Josiah Morgan’s review published on Letterboxd:
One of the more astonishing formal elevations of a pure-dreck screenplay in recent years.
The tone and craft primarily echoes Soderbergh's Haywire with regard to the focus of action, explicit nature of much of the first-person violence, as well as the relatively pared down aesthetic. Indeed, it seems part of a string of recent films determined to push against the contemporary wave of high-thrill no-consequence formal decisions kickstarted by the Nolan trilogy and solidified in the recent MCU entries. At least three separate action sequences (the motorbike, the clone fight, the final fight) are among the best individual sequences in an action film since Miami Vice.
What makes the film unique in the first instance is the way it often avoids moments of impact, cutting away from action in a film explicitly tied to brute force. What makes the film unique in the next instance, and in the sense that everybody is talking about, relates to the 3D High Frame Rate. I'm not sure I've ever seen 3D this good, though the last time I saw a 3D movie must have been Lee's own Life of Pi years ago, so I may not be the best judge of this.
But there's an overriding sense of a return to the fundamentals of silent cinema here. Lee in interviews has spoken about the function of 3D is that it allows the imagemaker an extra axis with which to play: this is utilized here as both mirrors and motion always happens on the z axis as opposed to the x and y axis. In the first scene in which Smith confronts himself, an integral conversation takes place at opposite ends of a twisting staircase; the z axis provided by the 3D photography allows the audience to interpret geographical space in a more coherent manner than the majority of action films. It means that when things kick into gear they can happen faster. This z axis narratively also operates as the arena in which Smith remembers his past years; an early flashback operates within the sensation of being pulled up and down (and is complemented by an astonishing use of colour and shadow) along the z axis whereas later sequences frequently allow us to see the clone only within mirrors Smith is looking at i.e. as representations of himself, not actually as himself.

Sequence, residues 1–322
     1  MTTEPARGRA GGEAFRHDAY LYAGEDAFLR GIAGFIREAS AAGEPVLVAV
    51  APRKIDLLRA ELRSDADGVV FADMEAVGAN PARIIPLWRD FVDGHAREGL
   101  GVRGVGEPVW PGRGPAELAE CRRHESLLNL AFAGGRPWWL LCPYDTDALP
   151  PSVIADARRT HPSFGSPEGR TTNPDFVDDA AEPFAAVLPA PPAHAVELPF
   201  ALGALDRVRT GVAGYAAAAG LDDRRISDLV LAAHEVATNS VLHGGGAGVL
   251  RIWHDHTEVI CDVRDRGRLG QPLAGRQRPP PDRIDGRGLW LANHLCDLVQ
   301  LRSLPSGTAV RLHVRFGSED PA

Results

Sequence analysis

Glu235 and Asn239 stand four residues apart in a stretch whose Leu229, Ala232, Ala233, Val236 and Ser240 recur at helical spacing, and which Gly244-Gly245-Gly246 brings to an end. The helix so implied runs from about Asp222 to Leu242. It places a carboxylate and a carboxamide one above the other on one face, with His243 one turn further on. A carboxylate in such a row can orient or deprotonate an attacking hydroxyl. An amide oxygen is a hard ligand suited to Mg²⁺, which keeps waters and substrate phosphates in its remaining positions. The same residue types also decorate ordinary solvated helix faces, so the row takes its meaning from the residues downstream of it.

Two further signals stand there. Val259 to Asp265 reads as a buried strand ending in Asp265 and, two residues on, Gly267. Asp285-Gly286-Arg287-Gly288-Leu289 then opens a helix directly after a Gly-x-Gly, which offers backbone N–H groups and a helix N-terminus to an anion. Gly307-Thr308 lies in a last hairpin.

The action sequences frequently end or involve these mirrors being smashed and the destruction of the z axis. It's a fascinating film and one that seems a likely candidate for a future cult classic. The material is godawful. Lee is a true master.
Postscript: this film operates incredibly in a similar structural manner to Stephen King's 2019 The Institute, which is curious because the narrative and use of genre itself also echoes.